To see them so poor, hurts



“Here’s the shopping center,” our driver says as we approach the ramshackle cluster of buildings with no sign on the horizon of a town or a village. We’re on safari in the Masai Mara. I’d thought to find Kenya a bit more prosperous than Mali, but that doesn’t seem to be the case.

We see stick-thin children, distended bellies, missing limbs, runny noses, and smiles. How can they possibly have anything to smile about?

We see men wobbling along on bicycles with impossibly huge loads, others pushing their bikes as the load they carry is too heavy and unwieldy to allow riding. We see a long line of men and women digging a narrow ditch with pick-axes and shovels. It’s for fiber optic cable.

Wood smolders beneath a huge pile of dirt. Several trees will produce a few bags of inefficient soft charcoal. Where are the solar ovens?

“It’s illegal to throw out food in Kenya,” we are told. What food?

We have so much. They have so little.

The extremes seem insurmountable. What can one individual do?

I know what I can do. I can truly appreciate what I have in Canada and the good fortune I had to be born here. I can put my money where my mouth is and donate. For me, that means KIVA.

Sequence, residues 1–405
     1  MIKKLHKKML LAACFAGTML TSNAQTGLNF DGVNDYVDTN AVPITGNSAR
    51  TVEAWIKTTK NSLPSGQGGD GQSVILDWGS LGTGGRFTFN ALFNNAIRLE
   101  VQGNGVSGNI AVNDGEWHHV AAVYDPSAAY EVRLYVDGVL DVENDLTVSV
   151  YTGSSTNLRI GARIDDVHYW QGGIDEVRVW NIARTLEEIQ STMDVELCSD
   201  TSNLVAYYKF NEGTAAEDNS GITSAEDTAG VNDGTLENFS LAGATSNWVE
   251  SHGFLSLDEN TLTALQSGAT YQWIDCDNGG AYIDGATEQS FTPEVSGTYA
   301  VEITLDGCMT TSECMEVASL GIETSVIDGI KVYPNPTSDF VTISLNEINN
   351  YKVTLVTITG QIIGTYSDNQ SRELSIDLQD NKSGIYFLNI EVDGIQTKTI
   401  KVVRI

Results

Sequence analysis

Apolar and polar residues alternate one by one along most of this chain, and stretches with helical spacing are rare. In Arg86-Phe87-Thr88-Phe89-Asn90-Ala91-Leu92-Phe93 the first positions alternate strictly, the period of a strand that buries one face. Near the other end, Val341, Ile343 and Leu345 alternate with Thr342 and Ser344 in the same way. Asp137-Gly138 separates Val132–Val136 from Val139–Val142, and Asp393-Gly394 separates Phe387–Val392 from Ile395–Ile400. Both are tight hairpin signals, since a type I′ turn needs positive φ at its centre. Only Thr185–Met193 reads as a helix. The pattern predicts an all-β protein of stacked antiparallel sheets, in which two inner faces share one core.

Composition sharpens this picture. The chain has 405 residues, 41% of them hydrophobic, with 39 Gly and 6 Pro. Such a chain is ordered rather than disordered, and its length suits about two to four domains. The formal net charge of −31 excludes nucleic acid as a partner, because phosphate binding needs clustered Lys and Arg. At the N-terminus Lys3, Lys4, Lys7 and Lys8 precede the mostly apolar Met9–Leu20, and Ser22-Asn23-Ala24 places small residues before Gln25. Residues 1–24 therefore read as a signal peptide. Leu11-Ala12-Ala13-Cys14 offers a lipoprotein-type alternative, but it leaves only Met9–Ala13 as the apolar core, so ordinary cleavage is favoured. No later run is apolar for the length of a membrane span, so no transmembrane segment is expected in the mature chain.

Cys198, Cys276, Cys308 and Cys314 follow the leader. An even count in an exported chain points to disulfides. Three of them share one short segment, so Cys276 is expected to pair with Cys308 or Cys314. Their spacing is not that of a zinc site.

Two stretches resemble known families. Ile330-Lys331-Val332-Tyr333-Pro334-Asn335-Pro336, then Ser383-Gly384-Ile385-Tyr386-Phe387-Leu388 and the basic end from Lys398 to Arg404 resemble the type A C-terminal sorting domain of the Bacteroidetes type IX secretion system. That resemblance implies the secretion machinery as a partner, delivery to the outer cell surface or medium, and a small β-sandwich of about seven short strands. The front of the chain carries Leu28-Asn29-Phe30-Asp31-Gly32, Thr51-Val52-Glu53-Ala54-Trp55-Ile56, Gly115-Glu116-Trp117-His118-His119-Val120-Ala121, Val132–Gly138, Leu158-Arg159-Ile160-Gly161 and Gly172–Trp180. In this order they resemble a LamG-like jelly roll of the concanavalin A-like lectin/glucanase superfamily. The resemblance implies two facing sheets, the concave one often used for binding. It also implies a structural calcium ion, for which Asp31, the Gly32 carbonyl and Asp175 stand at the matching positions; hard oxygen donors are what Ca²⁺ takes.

I can help others directly; the young man in Nigeria who sends me chapters to edit, the young family in Mexico who don’t always know where their next meal is coming from, and, closer to home, the Salvation Army, the food bank….

And I can write—my blog and my novels—trying to show the other side of the coin. Perhaps through the power of words, I can influence people in our lands of plenty to care and to help.

KIVA: Loans that change lives:


8 comments on “To see them so poor, hurts

  1. Thanks Darlene for another reminder of how fortunate we are in Canada.
    Helping others as much as we can, every day, by many means, even here at home, makes for a meaningful life.

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